John Fought (Jackson, 1972) made believers out of a lot of people – including one of his former golf coaches at Jackson High.
Fought, who grew seven inches to 6 feet from his junior year of high school to freshman year at BYU, finished second by one shot as a junior in the 1971 state championship. In the second and final round at Glendoveer, Jesuit’s Rocky Chapman holed a 20-foot par par on the 15th hole and a 5-foot birdie putt on the 18th to claim the title by one stroke.
The runner-up showing by the Raiders’ only state qualifier apparently disappointed his Jackson coach more than it did Fought.
“I didn’t win, so he was not happy,” Fought recalls. “He said I would not make it in professional golf.”
Harsh words. Also not very prophetic ones.
But “sometimes things are motivation,” Fought says.
Although Fought was fifth at state as a senior (Lincoln senior Peter Jacobsen won the 1972 event), the Jackson grad was bound for much bigger and much better things.
Fought became an All-American at BYU, leading the Cougars to four Western Athletic Conference championships and 29 tourney titles, with a second-place finish to Oklahoma State in the 1976 NCAA tournament.
He represented the United States as an amateur in international play.
In 1977, he was unbeatable, and captured the U.S. Amateur title.
Then Fought not only made it to the PGA Tour, but he also was the 1979 Rookie of the Year, winning back-to-back events.
He continued to play the tour through 1985, when injuries, mostly to his neck and back, forced him to retire.
Fought wasn’t done with golf, though. He got into course architecture and to this day continues in that line of work. He has renovated or designed numerous top courses in the U.S. and Canada.
The 67-year-old president of John Fought Design lives in Scottsdale, Arizona, with his wife, Mary. They have three children and nine grandchildren.
The PIL Hall of Fame added Fought as a member in 2008.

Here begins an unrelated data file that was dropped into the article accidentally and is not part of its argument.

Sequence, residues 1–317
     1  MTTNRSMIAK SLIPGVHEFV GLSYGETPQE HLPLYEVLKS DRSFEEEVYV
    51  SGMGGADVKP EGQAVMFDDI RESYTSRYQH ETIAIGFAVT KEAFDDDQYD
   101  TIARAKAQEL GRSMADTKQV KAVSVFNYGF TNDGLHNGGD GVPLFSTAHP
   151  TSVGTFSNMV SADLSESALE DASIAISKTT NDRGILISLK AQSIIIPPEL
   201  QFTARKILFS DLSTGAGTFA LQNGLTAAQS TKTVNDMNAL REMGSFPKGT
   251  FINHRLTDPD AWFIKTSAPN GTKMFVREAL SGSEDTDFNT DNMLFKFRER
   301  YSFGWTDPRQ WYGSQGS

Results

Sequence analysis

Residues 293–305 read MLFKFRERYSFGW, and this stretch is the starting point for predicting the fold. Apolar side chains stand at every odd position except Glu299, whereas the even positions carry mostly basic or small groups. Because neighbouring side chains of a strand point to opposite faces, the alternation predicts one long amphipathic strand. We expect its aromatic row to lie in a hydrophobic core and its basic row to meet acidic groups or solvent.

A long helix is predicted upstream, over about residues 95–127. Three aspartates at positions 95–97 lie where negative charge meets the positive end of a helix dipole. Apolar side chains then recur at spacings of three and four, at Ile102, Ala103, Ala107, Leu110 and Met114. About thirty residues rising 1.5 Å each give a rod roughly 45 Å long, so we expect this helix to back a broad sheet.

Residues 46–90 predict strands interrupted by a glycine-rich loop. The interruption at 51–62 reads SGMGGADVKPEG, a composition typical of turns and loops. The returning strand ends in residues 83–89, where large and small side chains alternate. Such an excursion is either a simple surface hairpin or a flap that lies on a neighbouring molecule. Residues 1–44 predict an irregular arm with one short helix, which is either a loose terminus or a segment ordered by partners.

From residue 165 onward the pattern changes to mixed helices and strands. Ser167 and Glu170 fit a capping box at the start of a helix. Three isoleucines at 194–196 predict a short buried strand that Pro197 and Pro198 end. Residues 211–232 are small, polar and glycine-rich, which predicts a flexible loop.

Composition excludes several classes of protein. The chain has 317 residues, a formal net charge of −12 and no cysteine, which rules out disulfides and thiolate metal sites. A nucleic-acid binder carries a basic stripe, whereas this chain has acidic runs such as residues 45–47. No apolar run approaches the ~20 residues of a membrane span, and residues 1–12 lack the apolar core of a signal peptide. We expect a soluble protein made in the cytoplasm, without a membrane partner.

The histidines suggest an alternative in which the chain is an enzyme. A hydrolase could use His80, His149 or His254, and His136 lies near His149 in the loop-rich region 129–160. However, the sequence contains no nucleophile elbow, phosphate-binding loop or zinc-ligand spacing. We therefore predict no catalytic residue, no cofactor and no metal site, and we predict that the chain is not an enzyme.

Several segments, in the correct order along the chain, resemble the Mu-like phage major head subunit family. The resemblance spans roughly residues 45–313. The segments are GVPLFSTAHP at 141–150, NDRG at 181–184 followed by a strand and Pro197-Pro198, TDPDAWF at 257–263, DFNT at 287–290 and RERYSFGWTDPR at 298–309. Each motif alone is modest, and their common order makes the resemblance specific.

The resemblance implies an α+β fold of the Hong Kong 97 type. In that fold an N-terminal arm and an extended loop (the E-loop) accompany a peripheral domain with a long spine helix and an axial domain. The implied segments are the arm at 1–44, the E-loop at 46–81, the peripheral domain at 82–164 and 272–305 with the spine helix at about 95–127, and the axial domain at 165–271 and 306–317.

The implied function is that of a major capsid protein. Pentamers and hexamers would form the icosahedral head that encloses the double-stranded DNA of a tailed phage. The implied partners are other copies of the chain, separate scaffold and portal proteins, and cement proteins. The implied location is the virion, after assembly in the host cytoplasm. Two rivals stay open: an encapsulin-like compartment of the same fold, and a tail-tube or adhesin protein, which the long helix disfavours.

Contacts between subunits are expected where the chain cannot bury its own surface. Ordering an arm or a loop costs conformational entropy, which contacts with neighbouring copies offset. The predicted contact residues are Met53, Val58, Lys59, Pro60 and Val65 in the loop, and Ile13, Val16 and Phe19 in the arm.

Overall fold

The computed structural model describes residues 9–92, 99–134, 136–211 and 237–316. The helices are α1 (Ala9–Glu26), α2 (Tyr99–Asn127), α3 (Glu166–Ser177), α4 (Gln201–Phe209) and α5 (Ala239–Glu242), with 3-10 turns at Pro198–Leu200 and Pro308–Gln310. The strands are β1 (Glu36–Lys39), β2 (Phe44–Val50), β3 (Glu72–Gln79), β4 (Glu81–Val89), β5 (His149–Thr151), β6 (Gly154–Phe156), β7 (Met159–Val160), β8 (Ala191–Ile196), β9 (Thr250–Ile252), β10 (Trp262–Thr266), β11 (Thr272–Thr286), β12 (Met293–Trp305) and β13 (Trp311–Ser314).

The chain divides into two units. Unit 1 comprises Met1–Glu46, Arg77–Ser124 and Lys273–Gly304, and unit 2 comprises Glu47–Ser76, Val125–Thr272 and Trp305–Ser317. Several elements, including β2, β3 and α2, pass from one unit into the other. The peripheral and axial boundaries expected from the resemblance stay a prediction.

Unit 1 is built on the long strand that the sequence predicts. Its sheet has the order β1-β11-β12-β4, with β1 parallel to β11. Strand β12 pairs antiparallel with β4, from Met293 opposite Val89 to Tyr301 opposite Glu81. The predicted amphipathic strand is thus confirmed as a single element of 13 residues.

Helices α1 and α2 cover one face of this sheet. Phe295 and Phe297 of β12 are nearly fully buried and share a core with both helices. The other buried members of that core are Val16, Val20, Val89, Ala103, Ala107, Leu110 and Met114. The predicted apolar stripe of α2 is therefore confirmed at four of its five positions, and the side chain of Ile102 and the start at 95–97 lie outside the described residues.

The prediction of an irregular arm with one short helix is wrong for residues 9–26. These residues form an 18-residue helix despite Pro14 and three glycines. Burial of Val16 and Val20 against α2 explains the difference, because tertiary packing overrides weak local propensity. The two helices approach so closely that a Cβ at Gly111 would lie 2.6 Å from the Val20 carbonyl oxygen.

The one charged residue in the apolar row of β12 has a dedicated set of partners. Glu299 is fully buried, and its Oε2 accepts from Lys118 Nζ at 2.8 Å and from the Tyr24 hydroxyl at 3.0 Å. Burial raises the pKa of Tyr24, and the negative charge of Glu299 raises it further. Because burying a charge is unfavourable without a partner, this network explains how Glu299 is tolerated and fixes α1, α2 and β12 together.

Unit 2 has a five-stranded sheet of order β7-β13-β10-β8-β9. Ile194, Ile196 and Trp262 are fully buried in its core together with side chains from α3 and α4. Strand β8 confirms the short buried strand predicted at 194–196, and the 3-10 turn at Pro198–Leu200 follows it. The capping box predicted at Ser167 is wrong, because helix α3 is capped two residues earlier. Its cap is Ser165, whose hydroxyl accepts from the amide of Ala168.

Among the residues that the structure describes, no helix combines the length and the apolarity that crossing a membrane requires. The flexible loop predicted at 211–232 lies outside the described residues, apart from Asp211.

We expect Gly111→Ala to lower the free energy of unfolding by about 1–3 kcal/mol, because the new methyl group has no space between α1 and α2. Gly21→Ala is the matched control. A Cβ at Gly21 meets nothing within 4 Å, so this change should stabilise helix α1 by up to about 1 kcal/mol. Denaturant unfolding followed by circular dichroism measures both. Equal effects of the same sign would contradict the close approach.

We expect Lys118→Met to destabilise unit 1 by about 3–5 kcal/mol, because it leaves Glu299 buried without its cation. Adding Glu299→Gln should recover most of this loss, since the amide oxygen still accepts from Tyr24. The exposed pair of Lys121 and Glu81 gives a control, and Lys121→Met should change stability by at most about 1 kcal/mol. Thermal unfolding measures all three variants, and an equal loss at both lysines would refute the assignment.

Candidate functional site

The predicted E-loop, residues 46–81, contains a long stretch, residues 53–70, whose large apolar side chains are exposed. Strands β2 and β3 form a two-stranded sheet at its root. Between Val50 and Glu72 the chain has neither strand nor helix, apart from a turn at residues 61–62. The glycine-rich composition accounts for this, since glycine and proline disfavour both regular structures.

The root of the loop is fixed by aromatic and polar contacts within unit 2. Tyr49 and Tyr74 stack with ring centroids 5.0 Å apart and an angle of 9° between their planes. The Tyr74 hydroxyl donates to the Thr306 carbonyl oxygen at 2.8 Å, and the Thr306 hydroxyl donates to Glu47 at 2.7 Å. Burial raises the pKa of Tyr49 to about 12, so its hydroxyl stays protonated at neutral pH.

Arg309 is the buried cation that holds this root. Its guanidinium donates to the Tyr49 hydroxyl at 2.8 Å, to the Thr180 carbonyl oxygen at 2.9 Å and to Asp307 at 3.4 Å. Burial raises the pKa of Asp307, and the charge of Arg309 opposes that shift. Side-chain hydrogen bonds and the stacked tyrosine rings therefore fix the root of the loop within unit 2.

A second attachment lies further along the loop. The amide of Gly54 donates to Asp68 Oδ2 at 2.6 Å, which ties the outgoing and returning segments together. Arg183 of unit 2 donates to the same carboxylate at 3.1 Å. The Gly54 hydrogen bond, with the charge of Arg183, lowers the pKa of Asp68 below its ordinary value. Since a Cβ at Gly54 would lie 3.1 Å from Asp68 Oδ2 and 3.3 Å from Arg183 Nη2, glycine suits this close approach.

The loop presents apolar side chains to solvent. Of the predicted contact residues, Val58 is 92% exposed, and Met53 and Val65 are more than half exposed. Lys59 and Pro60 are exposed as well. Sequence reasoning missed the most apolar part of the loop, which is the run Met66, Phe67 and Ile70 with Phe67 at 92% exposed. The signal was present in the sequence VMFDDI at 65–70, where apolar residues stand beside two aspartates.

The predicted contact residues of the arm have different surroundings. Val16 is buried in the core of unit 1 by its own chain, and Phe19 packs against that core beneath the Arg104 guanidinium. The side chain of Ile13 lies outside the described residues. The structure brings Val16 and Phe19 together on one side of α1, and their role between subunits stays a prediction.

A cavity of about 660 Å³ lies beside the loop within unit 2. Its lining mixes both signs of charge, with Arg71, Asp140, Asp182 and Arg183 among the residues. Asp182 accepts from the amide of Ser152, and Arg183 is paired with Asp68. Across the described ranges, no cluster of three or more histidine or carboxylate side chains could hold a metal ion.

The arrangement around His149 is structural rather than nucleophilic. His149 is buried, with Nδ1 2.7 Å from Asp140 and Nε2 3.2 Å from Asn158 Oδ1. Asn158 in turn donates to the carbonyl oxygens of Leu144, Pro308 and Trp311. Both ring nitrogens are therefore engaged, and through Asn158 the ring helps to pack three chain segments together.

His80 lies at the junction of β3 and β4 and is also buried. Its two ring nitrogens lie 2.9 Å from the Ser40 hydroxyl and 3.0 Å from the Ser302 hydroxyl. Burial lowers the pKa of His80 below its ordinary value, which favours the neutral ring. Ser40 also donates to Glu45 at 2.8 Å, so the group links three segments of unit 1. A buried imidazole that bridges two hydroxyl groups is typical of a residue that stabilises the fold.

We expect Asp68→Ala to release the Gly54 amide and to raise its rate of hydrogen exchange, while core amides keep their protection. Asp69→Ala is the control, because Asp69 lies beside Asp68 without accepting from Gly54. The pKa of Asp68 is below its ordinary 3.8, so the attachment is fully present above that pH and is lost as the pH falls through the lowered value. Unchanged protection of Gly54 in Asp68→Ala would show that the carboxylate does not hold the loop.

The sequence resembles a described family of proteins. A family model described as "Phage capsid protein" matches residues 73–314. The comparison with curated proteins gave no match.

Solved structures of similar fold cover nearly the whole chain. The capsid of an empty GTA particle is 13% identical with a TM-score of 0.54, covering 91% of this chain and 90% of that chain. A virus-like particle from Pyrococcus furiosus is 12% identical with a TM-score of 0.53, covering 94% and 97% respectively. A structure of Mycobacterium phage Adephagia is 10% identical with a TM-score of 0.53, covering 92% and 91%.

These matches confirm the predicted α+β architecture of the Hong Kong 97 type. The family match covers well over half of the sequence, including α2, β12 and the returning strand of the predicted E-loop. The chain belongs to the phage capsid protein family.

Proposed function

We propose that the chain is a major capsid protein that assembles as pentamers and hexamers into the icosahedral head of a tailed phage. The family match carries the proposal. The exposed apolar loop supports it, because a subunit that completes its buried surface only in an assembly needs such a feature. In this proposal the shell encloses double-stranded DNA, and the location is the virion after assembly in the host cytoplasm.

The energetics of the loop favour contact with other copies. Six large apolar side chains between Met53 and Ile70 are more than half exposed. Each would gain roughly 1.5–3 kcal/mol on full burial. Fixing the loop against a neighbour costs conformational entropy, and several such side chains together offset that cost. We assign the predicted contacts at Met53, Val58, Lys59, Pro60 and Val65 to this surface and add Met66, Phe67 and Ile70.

Fought credits his grandmother for getting him into golf.
“My dad was a good athlete, all-state in baseball and basketball for Franklin, but I’d caddy for my grandmother at Rose City and Eastmoreland, and she had me start playing when I was 4 or 5,” Fought says.
He remembers watching Arnold Palmer on television charging to the 1960 U.S. Open championship and going to Portland Open PGA Tour events in the 1960s at Portland Golf Club, along with the 1970 U.S. Amateur at Waverley Country Club.
Fought, whose family joined Tualatin Country Club, attended the relatively new Jackson High all four years.
“What I remember most is they had 21 periods and I didn’t have classes all the time, so I’d go hit balls at Gabriel Park or elsewhere for an hour or two, until I had another class,” he says.
Even though “I was about half their size” Fought beat all the football players trying out for the Jackson golf team.
“They weren’t too happy about that,” he says.
Jackson “didn’t have great golf teams, but they were fun to play on,” Fought adds.
He got to travel to California and elsewhere with Oregon Golf Association junior teams in those days, and that whetted his appetite for more.
“I remember thinking, ‘Wouldn’t it be cool to play in big tournaments?’” he says.
He wasn’t planning to go to BYU until the coach there arranged for him to spend some time at the Northern California home of Johnny Miller, a Cougar standout in the late ‘60s who already had won on the PGA Tour and was about to become a huge star and major champion.
“He said some things that were a big influence on me,” Fought says.
Fought has fond memories of his BYU days.
“Our first six guys all went on tour and remained friends forever,” he says. “We had a very close team. My senior year, we won every tournament and individual title except the NCAA, where we didn’t play well.”